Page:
The government's third stimulus budget will help support the economy in Q1 21.  Foreign demand may improve a bit later to the US and Europe.  The BOJ extended its emergency facilities last week, which is only prudent but does not appear to be in a hurry to more.  Although both the Prime Minister and the central bank Governor spoke out when the dollar initially fell below JPY104.00 in early November, cautioning about excess volatility, there is a steely silence now as the dollar tests the JPY103 area.  Yet, officials can hardly object to the volatility.  The dollar has been largely confined to the range set on November 9, when the vaccine was announced (~JPY103.20-JPY105.65).  

Here in H2, it appears the dollar be walking a staircase lower against the yen.  And the steps take around six weeks or so before the next step lower.  The timing lines up as the dollar struggled to sustain gains above JPY104 last week before slipping below JPY103.  Still, yen gains should not be exaggerated.  It has risen by about 5% against the dollar this year, less than its main regional competitors, like South Korea, Taiwan, and China.  Against the majors, the yen has trailed behind the euro and Australian dollar, and the others, but Norway, Canada, and the UK.   A move to par (JPY100) and below in 2021 seems reasonable.  

Australia's job growth has been nothing short of spectacular in October and November.  It boosted jobs by 270k in that period, and more than 180k were full-time posts.  As the lockdowns ended, the participation rate jumped to 66.1% in November from 64.8% in September and is above where it was in Q4 19 (steady at 65.9%).  More people working and the lighter social restrictions should help retail sales recover.  After falling 4% in August and 1.1% in September, retail sales gained 1.4% in October.  More consumption likely took place in November.  Bloomberg's survey's median forecast looks for a 2.3% increase, and we suspect the risk is on the upside.  

This month, the Australian dollar is the strongest major currency, appreciating about 3.8% against the US dollar to reach levels not seen since Q2 18.  Several investment themes converge with the Aussie, including robust risk appetites, the strength of East Asia economies and especially China,  the demand for commodities, and the US dollar's broad weakness. A move to at least $0.8000 in 2021 seems reasonable.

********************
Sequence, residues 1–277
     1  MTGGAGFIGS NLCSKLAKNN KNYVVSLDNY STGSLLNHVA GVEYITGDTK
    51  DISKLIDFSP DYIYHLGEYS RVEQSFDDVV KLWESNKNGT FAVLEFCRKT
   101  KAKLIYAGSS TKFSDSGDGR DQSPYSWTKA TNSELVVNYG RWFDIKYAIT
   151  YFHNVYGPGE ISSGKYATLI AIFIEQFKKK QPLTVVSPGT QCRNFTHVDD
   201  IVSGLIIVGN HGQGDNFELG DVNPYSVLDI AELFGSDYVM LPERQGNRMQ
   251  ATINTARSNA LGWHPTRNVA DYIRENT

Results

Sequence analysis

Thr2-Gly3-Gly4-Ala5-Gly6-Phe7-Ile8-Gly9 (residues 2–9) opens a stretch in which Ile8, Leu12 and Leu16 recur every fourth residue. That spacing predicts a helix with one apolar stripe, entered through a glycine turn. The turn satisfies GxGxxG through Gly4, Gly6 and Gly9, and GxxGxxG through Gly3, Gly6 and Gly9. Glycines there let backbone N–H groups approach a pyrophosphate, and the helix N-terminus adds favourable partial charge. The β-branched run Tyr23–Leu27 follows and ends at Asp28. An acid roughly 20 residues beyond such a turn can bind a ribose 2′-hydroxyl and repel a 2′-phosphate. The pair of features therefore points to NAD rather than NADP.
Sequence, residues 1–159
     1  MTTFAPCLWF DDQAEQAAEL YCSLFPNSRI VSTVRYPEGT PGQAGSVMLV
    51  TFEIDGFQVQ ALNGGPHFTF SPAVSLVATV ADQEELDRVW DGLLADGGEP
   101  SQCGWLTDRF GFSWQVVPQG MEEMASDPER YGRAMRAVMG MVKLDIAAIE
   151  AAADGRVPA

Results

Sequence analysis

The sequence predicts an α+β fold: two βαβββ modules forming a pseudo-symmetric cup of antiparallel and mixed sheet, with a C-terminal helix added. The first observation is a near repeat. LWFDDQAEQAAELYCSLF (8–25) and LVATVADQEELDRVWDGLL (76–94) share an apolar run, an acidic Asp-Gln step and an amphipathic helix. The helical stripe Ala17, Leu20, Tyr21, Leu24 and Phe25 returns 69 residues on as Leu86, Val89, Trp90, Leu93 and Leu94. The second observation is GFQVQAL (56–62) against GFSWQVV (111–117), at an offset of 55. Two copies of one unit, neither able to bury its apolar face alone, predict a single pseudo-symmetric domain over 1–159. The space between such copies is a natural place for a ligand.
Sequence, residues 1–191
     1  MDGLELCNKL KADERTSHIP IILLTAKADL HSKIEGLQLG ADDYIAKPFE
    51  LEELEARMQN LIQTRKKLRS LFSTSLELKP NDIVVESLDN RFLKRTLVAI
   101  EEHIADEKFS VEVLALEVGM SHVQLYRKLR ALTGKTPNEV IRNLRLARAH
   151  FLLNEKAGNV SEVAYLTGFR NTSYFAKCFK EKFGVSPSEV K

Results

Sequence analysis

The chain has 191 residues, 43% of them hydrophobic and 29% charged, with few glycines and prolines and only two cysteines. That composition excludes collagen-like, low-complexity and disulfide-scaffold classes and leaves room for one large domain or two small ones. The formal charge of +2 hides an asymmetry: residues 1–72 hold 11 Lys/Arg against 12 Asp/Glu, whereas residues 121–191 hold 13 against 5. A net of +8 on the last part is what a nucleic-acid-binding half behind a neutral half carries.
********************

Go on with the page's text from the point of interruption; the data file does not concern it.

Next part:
Canada reports October GDP in the middle of next week.  The surging virus likely slowed growth after the 0.8% expansion in September.  Still, the labor market's strength (employment rose by 0.5% and the index of hours worked rose by 0.8%) and manufacturing sales increased.  The risks may lie on the upside of the Bank of Canada's 0.3% forecast. 

With Norway's Norges Central Bank sounding less dovish (now see the first hike in H2 22) helping lift the krone by nearly 1% on December 17, it leaves the Canadian dollar, which is trading near its best levels since April 2018 as the weakest of the major currencies this year.  It has gained a modest 1.6% against the US dollar this year.  We would pencil in Canada to be another candidate that will likely be among the first to taper its emergency measures, including QE.  On the other hand, the risks of an election in Canada as the contagion and vaccine approach herd immunity and when the fiscal spending can begin being felt.  We suspect there is potential for the US dollar to fall toward CAD1.22 in 2021. 


The Week Ahead: Balancing Near-Term Fears with Medium-Term Optimism The Week Ahead:  Balancing Near-Term Fears with Medium-Term Optimism Reviewed by Marc Chandler on December 19, 2020 Rating: 5